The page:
The Beginnings of CPC
The only church building in our area in 1852 was St. Joseph Church in Mission San Jose, the 1809 adobe church that survived from mission days. Members of the Church of Jesus Christ of Latter-day Saints sometimes met in homes and then in the little church schoolhouse John Horner built in Centerville. Mrs. Charlie Henion said she heard John Horner preach a Mormon sermon to an assemblage of Protestants. The Methodist services were sometimes held at Captain C.C. Scott's place.
These pioneer meetings led to serious talk about forming a Presbyterian Church. Mrs. Hannah Breyfogle who was a Methodist, Mrs. William Coombs who was a Baptist, Mrs. Henion who was Episcopalian, Captain Richardson who was a Baptist, Charles Hilton, Captain George Bond and several others got together. Charles Shinn quoted Captain Bond as saying that he was "the very hardest shell of a hard-shell Baptist and yet he was willing to have any kind of a Christian church to take his family to."
That was the story the pioneers told of how the Centerville Presbyterian Church got started. Official minutes noted that local citizens held a meeting to organize a church. Reverend W.W. Brier was called to chair the group. Charles Hilton was appointed secretary and Charles Kelsey was chosen elder pro tempre.
At the meeting held June 4, 1853, nine people signed a petition requesting Reverend W.W. Brier to organize them into a church of Jesus Christ to be known as the Alameda Presbyterian Church and to be placed under the care of the Presbytery of San Francisco. It was resolved that the organization take place on the Sabbath, June 5, 1853, in J.M. Horner's School House. Those who signed the petition were: Charles Hilton, Elizabeth Brier, Hannah Breyfogle, Chauncey Cornell, Charlotte Cornell, Charles Kelsey, Eliza Beard and James Selfridge.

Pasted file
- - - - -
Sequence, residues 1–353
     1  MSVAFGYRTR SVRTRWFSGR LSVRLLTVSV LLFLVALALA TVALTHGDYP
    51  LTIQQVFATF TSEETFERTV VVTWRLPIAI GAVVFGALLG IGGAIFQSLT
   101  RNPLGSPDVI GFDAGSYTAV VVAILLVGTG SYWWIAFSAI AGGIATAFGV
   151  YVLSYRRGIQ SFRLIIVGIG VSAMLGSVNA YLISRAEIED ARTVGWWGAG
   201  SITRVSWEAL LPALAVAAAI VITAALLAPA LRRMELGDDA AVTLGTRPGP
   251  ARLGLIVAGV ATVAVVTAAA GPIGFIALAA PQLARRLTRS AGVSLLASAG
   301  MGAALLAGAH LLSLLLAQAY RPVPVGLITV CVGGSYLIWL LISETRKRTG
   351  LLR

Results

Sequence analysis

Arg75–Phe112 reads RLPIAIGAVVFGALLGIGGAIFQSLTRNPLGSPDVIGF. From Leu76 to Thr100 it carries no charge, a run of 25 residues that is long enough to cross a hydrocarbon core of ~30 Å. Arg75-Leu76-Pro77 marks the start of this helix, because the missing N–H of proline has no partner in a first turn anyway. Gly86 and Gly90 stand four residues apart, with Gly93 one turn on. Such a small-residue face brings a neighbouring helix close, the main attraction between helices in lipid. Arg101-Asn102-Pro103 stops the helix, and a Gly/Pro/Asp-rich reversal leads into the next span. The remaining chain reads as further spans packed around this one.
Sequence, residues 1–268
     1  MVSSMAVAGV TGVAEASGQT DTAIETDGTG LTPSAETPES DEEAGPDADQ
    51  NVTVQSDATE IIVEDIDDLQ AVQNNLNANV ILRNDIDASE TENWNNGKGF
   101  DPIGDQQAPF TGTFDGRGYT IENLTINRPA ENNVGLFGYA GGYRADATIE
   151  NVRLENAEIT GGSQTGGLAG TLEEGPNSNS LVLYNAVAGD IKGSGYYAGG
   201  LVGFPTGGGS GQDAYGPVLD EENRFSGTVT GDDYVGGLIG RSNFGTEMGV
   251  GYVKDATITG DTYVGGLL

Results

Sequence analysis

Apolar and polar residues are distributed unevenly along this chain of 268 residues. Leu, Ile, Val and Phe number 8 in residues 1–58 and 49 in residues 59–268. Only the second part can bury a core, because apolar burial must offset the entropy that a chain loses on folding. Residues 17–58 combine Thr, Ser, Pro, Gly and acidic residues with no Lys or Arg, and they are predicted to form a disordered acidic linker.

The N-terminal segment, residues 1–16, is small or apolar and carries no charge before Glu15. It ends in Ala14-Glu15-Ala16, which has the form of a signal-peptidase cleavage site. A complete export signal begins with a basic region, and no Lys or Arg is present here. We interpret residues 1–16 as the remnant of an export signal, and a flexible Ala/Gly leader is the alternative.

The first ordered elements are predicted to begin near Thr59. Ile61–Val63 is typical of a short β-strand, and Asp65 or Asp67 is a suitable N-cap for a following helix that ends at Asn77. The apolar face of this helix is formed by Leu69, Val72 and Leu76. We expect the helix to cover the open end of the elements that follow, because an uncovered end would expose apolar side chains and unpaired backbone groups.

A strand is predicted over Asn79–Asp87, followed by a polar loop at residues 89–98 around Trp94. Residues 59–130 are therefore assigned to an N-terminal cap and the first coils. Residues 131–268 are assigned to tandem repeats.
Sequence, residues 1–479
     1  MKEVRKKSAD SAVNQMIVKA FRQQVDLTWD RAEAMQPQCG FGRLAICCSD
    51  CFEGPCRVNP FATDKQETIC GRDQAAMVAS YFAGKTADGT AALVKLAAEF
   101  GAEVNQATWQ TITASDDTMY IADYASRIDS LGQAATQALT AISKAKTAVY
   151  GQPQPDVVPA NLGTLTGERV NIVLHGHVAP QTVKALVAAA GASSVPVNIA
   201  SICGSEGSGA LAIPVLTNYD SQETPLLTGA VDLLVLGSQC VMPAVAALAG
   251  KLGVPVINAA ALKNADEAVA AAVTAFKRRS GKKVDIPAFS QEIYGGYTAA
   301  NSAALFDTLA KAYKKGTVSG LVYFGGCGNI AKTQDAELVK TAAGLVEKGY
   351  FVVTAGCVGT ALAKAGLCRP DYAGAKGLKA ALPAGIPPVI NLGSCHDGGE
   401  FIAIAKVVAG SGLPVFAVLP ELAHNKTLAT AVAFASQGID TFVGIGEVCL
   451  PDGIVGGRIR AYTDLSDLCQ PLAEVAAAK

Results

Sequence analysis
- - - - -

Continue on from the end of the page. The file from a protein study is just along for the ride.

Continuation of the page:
Reverend Brier preached a sermon on June 5 and then declared the church organized. Four weeks later, Mary Brier, Reverend and Mrs. Elizabeth Brier's daughter, was baptized at age seven months. The next year Mrs. Jane Beard was received into membership. Henry Clark and Jonathan Mayhew also became active workers in the church.
Jonathan Mayhew, Jesse Beard, Charles Kelsey, Henry Clark and Chauncey Cornell were elected trustees of the church in 1855. The trustees were to hold in trust all property of the church. Jesse was chosen president, Chauncey secretary, and Reverend Brier treasurer. Reverend Brier was authorized to take subscriptions and purchased a lot for a church building. George and Mary Jane Lloyd donated a 2 1/2 acre lot and trustees voted to contract with Charles Tool to build a brick church 24 feet wide and 44 feet long. The building was completed and dedicated in 1856.
Who were these pioneers who founded the Centerville Presbyterian Church and organized the cemetery that nearly surrounded the church. Most of them were farmers or merchants in the Centerville area. Many were prominent citizens in the town of Centerville, and several helped found Alameda County. Their leader was Reverend William Wallace Brier. He was born in Dayton Ohio in 1821 and was ordained in Indiana in 1848. He came to California in 1850 and served as District Secretary of Home Missions for California and Nevada. He ministered to Presbyterian Churches at Marysville, Centerville, Alvarado, Livermore, Milpitas and several other places.
Reverend Brier taught school at the mission in 1852 and served as the first Superintendent of Schools for Alameda County. His wife Elizabeth worked in the background to establish the church and keep it operating in the face of great obstacles. She once traveled to San Francisco to get donations for the church and returned with $203.00. Their daughter Mary was the first person baptized in the Centerville Presbyterian Church. Reverend and Elizabeth Brier built a home on the road from Centerville to Alvarado.
Want to learn more about CPC's history? Are you kind of a history nut? Thought so. Download the documents below to learn about our history. Happy reading.